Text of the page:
Wilkie was hit in the foot and in the side, but still he pressed on until he could no longer move because of the pain and the loss of blood.  He fell, severely wounded and exhausted. 

It is not clear whether Shaw was killed before Wilkie fell, or it was the other way round. Stories vary and memories can be faulty.

Wilkie James was found on the battlefield by ambulance men.  He was barely alive and taken to a tent that was serving as the Sanitary Commission’s field hospital.  

Some days later, he was located there by the father of his fellow officer and closest friend Cabot Jackson Russel.  Young Russel had also been shot and was missing.  Mr. Russel had come south in search of his son, but his search proved to be in vain; Cabot’s body was never found. When Russel returned north by ship, he brought his son’s friend Wilkie with him on a stretcher, taking him to  Newport, Rhode Island, where Wilkie’s parents were then living. Wilkie spent months in recovery, for the first weeks slipping in and out of consciousness.

Eventually he felt well enough to return to his regiment as the roster at the top of the page clearly shows.

Many years later, in 1890, Chicago lithographers Louis Kurz and Alexander Allison issued a large print called “Storming Fort Wagner”.  The Library of Congress copy below shows Col. Shaw, mortally wounded, about to fall. 

(Note: clicking on the picture will bring it up enlarged in another window.)

Behind him, there’s an officer with a sword in one hand and his hat in the other (see detail below).

That’s Wilkie.

Did it really happen the way Kurz and Allison portrayed it? Hard to say.  That’s the way some people remembered it. 

Seven years earlier, on November 23, 1883, the New York Times reprinted a short article that had originally appeared in the Milwaukee Wisconsin newspaper on November 16th.  It began:

The death of Garth Wilkinson James, which had been expected by his friends for some time past, occurred last evening shortly after 5 o’clock, at his residence, 473 Jefferson-street.

The story then went on to say:

Speaking of his military career, another gentleman said:  “Wilkie was only 17 when he enlisted in one of the Massachusetts regiments and went to the front.  On account of his conspicuous bravery he was promoted by Gov. Andrew to the position of Adjutant of the Fifty-fourth Massachusetts Colored Infantry.  He participated in the brilliant night attack on Fort Wagner, and when Col. Shaw was disabled in the action and the regiment was wavering and about to break, the boy of 18, waving his cap above his head and calling upon men to follow him,  succeeded in rallying them, and led them on to make a splendid assault.  He received three wounds on that occasion, from the effects of which he suffered until the day of his death.”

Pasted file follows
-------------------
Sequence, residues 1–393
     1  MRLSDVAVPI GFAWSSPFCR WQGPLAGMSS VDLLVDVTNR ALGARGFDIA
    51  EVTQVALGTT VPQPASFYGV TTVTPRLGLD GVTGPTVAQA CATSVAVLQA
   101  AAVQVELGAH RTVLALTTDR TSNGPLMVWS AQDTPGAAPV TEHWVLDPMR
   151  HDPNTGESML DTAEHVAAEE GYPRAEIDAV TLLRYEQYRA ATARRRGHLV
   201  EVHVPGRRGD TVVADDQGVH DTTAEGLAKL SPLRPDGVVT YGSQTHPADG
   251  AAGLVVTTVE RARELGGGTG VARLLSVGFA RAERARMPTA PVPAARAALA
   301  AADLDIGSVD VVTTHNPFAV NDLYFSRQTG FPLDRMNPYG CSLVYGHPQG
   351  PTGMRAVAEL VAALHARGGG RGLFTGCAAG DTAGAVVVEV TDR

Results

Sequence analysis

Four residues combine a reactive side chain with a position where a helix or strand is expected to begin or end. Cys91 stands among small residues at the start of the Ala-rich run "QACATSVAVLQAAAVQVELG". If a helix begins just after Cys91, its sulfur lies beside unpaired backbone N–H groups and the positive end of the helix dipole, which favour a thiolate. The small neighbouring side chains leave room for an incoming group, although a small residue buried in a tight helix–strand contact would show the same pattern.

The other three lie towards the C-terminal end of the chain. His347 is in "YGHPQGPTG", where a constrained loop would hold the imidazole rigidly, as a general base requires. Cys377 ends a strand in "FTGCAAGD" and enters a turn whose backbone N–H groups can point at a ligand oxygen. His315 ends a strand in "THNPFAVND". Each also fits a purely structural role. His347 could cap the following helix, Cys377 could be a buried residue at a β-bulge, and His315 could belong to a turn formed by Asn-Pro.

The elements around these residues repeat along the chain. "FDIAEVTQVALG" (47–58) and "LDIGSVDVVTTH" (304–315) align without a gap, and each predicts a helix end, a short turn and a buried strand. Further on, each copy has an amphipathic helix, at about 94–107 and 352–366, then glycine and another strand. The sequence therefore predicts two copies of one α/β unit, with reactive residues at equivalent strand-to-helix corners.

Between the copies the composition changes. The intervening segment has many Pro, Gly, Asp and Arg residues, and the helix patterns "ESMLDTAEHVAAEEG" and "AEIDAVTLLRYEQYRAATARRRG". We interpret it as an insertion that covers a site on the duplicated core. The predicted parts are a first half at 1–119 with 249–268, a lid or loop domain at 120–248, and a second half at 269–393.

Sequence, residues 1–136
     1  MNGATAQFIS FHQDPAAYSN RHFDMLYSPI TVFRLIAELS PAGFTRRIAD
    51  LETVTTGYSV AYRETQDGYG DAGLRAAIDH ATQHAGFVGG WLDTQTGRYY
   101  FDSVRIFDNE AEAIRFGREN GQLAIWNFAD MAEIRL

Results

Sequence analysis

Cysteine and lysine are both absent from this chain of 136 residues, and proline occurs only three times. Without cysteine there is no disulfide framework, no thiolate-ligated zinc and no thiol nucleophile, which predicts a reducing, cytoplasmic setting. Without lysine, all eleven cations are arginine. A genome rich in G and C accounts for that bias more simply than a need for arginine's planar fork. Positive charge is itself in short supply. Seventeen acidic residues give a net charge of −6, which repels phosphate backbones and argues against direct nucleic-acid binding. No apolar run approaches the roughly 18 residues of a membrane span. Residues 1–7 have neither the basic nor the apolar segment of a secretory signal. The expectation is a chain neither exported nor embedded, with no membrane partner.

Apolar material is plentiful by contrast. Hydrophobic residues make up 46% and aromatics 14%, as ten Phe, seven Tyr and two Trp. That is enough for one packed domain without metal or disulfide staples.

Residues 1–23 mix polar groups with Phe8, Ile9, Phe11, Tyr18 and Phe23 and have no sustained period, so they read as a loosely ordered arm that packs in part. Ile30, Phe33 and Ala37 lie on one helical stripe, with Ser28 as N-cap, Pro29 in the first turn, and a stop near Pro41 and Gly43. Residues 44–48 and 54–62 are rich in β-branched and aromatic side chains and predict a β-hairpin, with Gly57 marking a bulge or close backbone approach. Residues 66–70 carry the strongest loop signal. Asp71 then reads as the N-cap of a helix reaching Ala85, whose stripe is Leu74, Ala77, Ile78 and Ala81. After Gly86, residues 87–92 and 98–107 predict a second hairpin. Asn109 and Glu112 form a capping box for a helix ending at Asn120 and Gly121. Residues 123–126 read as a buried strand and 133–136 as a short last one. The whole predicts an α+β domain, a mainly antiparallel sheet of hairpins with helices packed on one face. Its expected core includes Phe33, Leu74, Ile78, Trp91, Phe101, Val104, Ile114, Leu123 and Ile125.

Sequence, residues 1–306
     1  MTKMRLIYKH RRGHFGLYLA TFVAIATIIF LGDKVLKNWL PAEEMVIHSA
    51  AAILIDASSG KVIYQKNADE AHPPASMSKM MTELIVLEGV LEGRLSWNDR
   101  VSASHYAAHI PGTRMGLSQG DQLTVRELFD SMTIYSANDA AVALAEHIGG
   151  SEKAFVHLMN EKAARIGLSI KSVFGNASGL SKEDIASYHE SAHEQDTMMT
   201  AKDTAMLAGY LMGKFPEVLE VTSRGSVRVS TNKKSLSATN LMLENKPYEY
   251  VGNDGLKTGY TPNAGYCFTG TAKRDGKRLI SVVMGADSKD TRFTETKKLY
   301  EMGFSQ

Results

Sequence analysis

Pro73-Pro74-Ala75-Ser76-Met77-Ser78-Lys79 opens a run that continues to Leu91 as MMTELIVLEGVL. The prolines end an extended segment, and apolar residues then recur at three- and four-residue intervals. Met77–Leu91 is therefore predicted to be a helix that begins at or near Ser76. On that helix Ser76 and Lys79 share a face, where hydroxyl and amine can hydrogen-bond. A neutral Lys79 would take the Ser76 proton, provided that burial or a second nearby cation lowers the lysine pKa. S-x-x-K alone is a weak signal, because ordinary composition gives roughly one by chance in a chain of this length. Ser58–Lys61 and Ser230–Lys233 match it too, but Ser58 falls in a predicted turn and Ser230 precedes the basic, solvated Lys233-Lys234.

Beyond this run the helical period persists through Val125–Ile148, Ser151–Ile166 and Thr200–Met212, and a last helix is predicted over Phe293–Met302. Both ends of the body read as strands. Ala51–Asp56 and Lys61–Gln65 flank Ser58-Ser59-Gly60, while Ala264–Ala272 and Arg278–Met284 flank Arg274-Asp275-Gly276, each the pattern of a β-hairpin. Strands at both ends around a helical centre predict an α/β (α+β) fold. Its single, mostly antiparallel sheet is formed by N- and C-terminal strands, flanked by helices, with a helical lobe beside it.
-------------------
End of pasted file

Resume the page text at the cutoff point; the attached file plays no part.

At least that’s how the story of Wilkie at Fort Wagner was remembered by his friends.

Garth Wilkinson James died of Bright’s disease (a form of a kidney disease now called nephritis) at the young age of 38, leaving a widow and two children under 10.

Here’s the James family of Milwaukee in the 1880 census, living at the 473 Jefferson Street address mentioned in the death notice three years later.

Although he was never as successful as his older brothers and was probably fortunate to have found a wealthy wife with a half-million dollars of her own, Wilkie found his own small moment of glory.  

There’s no monument to him, but still, his act of personal bravery lives on, frozen in time, in that Kurz and Allison chromolithograph print.

A very young man with a sword, his cap in his hand and his friends falling around him, facing an uncertain future.

And what about the rest of the regiment? Did it live up to Gov. Andrew’s expectations that day and become a model fighting force of black soldiers? Here’s what Samuel W. Mason, the correspondent of the New York Herald, who witnessed the assault on Fort Wagner, wrote about the regiment: —

“I saw them fight at Wagner as none but splendid soldiers, splendidly officered, could fight, dashing through shot and shell, grape, canister, and shrapnel, and showers of bullets, and when they got close enough, fighting with clubbed muskets, and retreating when they did retreat, by command and with choice white troops for company."

Even though the 54th Massachusetts did not succeed in taking Fort Wagner that day, the story of the battle traveled far and wide throughout the land, rallying thousands of other African-American men to join the U.S. Colored Troops and take up the fight.

You see, stories have a power of their own.